Predislocation Syndrome Treatment

Predislocation Syndrome Treatment

Causes of Pre-dislocation syndrome:

  • Most commonly a bunion forms and causes upward dislocation of the 2nd toe.
  • This can frequently be due to shoe pressure.
  • A shoe cause a bunion to form and cause the 2nd toe to move upward.
What causes a bunion?
Although this is difficult to prove, tight shoe gear has shown that those genetically susceptible to bunion formation are more likely to form a bunion.

 

Anatomy of Pre-dislocation Syndrome:

  • The ligament that holds the 2nd toe down is called the plantar plate.
  • As time goes on this ligament can simply elongate ad rupture.
The plantar plate is the ligament that does elongate and eventually rupture.

 

Conservative  Pre-dislocation Syndrome Treatment:

  • Stabilize the joint with tape- perform a figure eight loop around the top of the base of the toe that looks like one of those support the troops ribbons(do this with tape). Use half inch cloth tape, or even duct tape works (just split it down the middle).
  • You can also get yourself an over the counter hammertoe splint to brace the toe properly.
  • Cut out some felt in a U shape around the bottom of the big toe to offload the metatarsal phalangeal joint. Any cutout in felt that offloads the peak pressure area will work in reducing further pain and inflammation and give the plantar plate a chance to heal.
  • Perform icing, elevation and take a two week course of anti-inflammatory medication to start too cool down the swelling in the digit. These treatments are not just to control to the pain, but to reduce the swelling which will lead to faster healing times.
  • Calf, plantar fascia and ankle stretching is essential to the healing process.
This is what can eventually lead to crossover toe

Shoe gear for Pre-dislocation Syndrome

  • This is essential! Your footwear is very heavily tied into why you developed the problem in the first place. If poor or not perfect footwear choices are not the cause, then they are at least heavily contributing to the problem.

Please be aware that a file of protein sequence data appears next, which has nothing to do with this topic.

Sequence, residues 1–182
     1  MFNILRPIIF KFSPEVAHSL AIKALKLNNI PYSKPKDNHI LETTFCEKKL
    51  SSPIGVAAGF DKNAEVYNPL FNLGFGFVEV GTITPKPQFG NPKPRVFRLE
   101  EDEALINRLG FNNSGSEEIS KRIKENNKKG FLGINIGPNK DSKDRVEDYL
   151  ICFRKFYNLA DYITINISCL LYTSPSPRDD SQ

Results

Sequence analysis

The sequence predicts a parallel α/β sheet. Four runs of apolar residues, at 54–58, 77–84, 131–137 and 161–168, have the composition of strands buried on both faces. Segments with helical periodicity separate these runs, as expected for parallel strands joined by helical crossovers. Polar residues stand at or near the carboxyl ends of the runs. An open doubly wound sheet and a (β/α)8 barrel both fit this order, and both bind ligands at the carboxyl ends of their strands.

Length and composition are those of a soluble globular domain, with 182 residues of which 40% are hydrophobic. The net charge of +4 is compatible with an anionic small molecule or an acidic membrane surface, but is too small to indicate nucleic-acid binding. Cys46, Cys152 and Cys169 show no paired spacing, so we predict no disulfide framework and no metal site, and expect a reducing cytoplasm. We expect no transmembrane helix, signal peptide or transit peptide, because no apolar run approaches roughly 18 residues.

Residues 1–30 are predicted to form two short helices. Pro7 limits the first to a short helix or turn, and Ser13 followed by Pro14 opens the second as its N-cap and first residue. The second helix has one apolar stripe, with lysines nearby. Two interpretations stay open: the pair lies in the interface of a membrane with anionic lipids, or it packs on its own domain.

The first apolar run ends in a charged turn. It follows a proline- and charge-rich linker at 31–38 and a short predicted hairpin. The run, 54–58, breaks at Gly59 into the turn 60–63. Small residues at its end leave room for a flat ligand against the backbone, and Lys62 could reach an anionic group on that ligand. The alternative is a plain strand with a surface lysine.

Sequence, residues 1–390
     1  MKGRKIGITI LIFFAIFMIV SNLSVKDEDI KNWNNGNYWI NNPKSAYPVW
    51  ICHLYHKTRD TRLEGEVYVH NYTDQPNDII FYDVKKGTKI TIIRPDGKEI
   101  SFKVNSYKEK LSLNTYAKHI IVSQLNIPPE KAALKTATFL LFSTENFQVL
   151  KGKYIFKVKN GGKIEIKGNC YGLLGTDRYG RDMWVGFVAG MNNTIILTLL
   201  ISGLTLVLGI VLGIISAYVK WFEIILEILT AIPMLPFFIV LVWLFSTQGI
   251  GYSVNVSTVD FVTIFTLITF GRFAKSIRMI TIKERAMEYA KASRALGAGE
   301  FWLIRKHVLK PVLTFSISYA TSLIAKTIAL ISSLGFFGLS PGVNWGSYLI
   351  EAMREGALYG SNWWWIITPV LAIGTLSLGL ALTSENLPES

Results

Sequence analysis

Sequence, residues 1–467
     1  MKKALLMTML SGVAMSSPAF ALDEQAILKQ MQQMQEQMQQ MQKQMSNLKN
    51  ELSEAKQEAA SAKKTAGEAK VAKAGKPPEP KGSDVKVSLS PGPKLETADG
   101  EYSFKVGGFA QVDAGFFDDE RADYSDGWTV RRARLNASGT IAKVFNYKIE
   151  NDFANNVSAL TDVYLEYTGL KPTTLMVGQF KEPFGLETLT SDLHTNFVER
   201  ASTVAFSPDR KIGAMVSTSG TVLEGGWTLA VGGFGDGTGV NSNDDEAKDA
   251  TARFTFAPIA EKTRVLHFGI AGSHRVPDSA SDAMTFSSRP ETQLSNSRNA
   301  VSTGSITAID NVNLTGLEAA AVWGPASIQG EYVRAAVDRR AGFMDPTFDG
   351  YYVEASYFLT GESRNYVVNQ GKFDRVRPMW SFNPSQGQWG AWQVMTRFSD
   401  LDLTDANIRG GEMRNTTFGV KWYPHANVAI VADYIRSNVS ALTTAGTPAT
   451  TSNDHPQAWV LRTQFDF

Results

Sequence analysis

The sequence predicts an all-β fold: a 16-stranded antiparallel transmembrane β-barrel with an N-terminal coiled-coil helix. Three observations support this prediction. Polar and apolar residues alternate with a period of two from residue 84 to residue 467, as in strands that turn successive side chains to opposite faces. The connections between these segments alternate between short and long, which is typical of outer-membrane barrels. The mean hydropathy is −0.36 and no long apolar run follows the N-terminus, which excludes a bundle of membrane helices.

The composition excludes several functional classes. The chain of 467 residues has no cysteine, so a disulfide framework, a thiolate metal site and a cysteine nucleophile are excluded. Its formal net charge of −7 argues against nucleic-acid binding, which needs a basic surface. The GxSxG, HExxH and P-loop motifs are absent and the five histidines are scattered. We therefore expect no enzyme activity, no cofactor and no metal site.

• Avoid walking in poorly supported shoes like sandals, moccasins or flats. It is also a good idea to get rid of high heels if you are a lady (I know, I know- I tried!)
  • Get yourself some stiff soled shoes- running shoes work best in this case. Make sure you use a Brannock device to measure the foot width, foot length and arch length of your shoe. Get some help from your Podiatrist in measuring your shoe gear.

 

This is a true toe dislocation, in this case the pinky toe.

Predislocation Syndrome Surgery:

 

This is a crossover toe with a corn on top of the toe.

This line of conservative therapy should be attempted for at least a good two to six months to give the plantar plate a chance to heal. If it does not – then you should move onto injection therapy to attempt to resolve the inflammation in the joint.

 

This toe was so dislocated that sometimes the best solution and pain relief is to just remove the toe.

The danger with a cortisone shot is that while it will remove the pain initially and start decreasing the inflammation which is essential to healing, it will on the other hand weaken the already damaged ligaments and tendons in the area.

-The injection of cortisone and dexamethasone phosphate should be injected from the plantar aspect (this is where the plantar plate tear is located). Injecting into the MTPJ will likely not be effective as this is not the primary site of inflammation. It is essential that the patient keep the toe well protected with tape, padding, orthotics, shoe wear, icing and stretching. The tendon will be susceptible to further damage at this point. There is a real chance of rupture of the plantar plate occurring so this should not be taken lightly.

-Injection therapy is the last choice before surgery must be considered.

 

For more on Pre-dislocation Syndrome Treatment:

http://www.podiatrytoday.com/article/6822